It’s all about DeFi
What is decentralized finance? Good question. At the dawn of the industry’s appearance, it was referred to as “open finance”. Now, this term has become fairly outdated, giving way to “DeFi” as a new name.
DeFi is a space that enables users to do anything with money within a digital ecosystem, and the only instrument needed to do that is a digital wallet.
DeFi opens up millions of opportunities. It opens finance and closes personalities. In a fiat-currency real world, any e-purchase goes along with at least basic personal information being disclosed such as ID, account details and so on. DeFi, on the other hand, allows users to borrow money without even mentioning their names.
Those who want to try to touch DeFi can do so by having a digital wallet with a balance of at least 10–20$-worth of crypto. It can be used to buy utility tokens like FUN (a token for gaming ecosystems). Or it can be spent within MakerDAO to yield DAI stablecoins (that are believed to reach $1), or to borrow cryptocurrency within the Compound protocol. The main thing is not to forget to play with as much money as is affordable to lose, and with DeFi, it is two times more applicable. DeFi is only gaining momentum, and many unexpected things may happen.
As young and unproven as it is, the industry has phenomenal potential, and it’s already showing.
There’s no trust issue with Dapps as they require you to put collateral to guarantee your debt, and usually, this collateral is two times higher than the debt itself.
Of course, the fiat put into the DeFi marketplace can be returned by switching them back from crypto to real money. But the game may be worth the candle. The first steps in getting to know DeFi may include trying to open a deal and close it in a few minutes, which is totally acceptable. Of course, there might be some insignificant transaction fees charged, or the expenses of using Ethereum, which are growing at the moment, but the step will be made, and it definitely won’t make a newbie broke.
One may ask, what’s the use in borrowing assets for someone who has money at disposal? The first and foremost reason is to use the assets in market speculations. The most popular trading activity using borrowed assets is shortening (meaning taking gains when the price for a certain asset falls). Borrowed assets are widely used by long-term holders who just want to trade occasionally to feel the market.
Proof of Stake (POS)
Proof of stake is a mechanism when a blockchain network comes to a consensus. With POS, a user can mine and confirm each subsequent block in accordance with the number of coins they hold. The mining power of each miner is determined by how many Bitcoin or any other cryptocurrency they hold in their possession.
- By a POS block generation system, Bitcoin miners can generate and confirm blocks on the basis of how many Bitcoin they have.
- There are two widely used types of a consensus mechanism — Proof of Stake (POS) and Proof of Work (POW). The latter is an original one for blockchain networks, and the first was created as an alternative.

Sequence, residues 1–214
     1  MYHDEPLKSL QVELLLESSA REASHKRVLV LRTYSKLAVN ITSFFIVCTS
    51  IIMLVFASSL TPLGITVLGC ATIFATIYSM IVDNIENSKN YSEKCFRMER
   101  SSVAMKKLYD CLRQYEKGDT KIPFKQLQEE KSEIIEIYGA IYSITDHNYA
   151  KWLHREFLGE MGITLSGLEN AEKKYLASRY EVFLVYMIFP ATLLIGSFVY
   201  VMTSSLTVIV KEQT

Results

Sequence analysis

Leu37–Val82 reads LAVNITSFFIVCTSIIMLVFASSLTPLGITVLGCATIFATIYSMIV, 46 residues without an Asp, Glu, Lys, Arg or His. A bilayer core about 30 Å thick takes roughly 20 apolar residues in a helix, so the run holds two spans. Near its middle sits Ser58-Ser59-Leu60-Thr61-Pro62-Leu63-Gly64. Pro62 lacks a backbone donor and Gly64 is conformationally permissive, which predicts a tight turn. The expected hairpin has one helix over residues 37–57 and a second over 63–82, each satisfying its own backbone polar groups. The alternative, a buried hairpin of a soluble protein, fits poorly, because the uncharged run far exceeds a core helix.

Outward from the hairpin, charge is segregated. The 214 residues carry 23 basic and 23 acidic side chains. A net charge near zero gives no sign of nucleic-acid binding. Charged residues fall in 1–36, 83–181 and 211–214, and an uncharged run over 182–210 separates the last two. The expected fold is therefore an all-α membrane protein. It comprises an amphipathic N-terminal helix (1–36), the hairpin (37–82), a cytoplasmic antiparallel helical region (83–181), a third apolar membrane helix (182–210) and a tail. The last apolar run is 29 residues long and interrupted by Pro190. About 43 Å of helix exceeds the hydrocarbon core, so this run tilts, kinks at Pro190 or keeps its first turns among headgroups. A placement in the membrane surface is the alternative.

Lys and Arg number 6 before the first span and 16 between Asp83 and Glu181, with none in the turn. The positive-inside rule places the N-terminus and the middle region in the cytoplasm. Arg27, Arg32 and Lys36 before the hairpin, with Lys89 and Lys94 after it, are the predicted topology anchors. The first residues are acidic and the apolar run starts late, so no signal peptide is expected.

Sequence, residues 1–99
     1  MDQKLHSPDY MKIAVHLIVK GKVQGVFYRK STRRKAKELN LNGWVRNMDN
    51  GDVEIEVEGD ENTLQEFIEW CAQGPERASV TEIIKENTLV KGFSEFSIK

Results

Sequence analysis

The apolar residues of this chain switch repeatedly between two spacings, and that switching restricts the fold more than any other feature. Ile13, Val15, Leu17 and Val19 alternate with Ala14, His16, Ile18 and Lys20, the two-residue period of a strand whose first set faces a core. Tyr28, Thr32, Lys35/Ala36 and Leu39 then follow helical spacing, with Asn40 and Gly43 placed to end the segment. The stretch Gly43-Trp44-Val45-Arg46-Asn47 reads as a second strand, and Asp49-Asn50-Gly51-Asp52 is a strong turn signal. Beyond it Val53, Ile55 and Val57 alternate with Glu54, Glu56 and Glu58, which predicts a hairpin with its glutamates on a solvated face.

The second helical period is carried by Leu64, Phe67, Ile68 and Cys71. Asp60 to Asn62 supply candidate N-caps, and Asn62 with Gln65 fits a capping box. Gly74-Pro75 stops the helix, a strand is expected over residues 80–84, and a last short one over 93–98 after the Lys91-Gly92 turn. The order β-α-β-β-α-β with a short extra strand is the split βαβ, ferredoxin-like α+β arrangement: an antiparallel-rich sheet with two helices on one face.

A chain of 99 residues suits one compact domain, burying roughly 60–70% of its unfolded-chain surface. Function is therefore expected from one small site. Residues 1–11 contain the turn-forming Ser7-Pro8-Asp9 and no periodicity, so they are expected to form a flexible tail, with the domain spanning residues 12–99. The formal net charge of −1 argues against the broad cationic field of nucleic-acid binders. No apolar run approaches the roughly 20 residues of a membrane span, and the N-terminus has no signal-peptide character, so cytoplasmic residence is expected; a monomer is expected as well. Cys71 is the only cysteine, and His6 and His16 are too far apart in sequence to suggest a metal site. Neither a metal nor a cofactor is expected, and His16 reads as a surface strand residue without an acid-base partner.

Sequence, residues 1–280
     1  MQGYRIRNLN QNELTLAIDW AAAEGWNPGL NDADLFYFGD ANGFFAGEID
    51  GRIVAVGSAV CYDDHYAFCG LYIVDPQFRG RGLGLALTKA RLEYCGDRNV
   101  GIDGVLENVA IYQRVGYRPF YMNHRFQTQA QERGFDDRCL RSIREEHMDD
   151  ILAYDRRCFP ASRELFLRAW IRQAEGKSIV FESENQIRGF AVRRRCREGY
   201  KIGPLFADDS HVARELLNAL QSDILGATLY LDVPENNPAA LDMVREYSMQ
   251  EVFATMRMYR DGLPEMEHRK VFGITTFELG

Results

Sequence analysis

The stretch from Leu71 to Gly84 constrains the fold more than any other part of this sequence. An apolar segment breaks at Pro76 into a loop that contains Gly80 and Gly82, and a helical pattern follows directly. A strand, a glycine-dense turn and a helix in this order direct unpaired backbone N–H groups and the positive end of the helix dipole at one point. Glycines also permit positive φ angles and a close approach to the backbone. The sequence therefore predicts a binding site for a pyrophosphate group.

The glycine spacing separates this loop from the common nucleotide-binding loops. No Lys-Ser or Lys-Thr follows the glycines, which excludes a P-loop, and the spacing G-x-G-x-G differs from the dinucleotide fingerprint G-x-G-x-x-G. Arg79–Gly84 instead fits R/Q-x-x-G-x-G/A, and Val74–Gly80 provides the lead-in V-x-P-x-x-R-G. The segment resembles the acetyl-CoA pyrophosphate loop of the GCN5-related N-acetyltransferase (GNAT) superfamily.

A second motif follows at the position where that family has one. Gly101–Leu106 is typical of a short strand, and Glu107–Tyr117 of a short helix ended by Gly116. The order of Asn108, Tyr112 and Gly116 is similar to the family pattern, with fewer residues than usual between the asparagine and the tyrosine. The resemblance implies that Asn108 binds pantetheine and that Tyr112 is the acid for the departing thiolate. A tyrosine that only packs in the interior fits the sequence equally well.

- POW is a consensus algorithm where miners have to prove how much computing power has been spent to complete transactions. It is energy-consuming with significant amounts of effort required to generate new blocks to the chain.
- POS is considered to be more secure from hacker attacks to the network as the rewarding system is built in such a way that attacks don’t seem to be more profitable than actual mining.
POS in action
POS emerged as a substitution to POW after significant drawbacks of the latter had been discovered. When someone makes a transaction within POW, the transaction information is entered into the block at the biggest capacity and further copied to all network nodes. These nodes are a backbone of the blockchain network that confirm transaction validity across the network blocks. Transaction verification takes nodes to resolve a range of computing challenges, and the first node to do that gets a reward in the form of cryptocurrency. Each verified block is then added to a chain that represents a public ledger with information on transactions available to all.
POW is a highly energy-consuming mechanism. It requires tons of electricity and a hash rate to support a mining process. The operational costs of POW mining are high and usually covered with the reward coins that are sold for fiat to pay the bills.
POS was created to tackle this problem by dividing the mining power in accordance with the coins owned by miners. Therefore, miners are able to verify as many transactions as provided by the stake of their ownerships. POS allows to economize on energy resources and sets certain limits to the mining activity.
What is yield farming?
Yield farming is a relatively new technology that is still in need of battle-testing. It is an opportunity for crypto holders to earn additional coins by receiving a return on their cryptocurrency via decentralized lending technologies based on smart contracts, like Compound.
In other words, yield farming allows users to lend and borrow cryptocurrency and make a profit on these funds. Most notably, borrowers are also in a position to earn a gain on their lenders’ debts.
In yield farming, traders can earn additional coins on possessed ones by lending them on various DeFi platforms, or money markets, like Compound, Maker, etc., that usually offer attractive yield rates either as a percentage of the provided amount or in the form of fixed interest. By moving assets to these platforms, traders accelerate their utility and liquidity.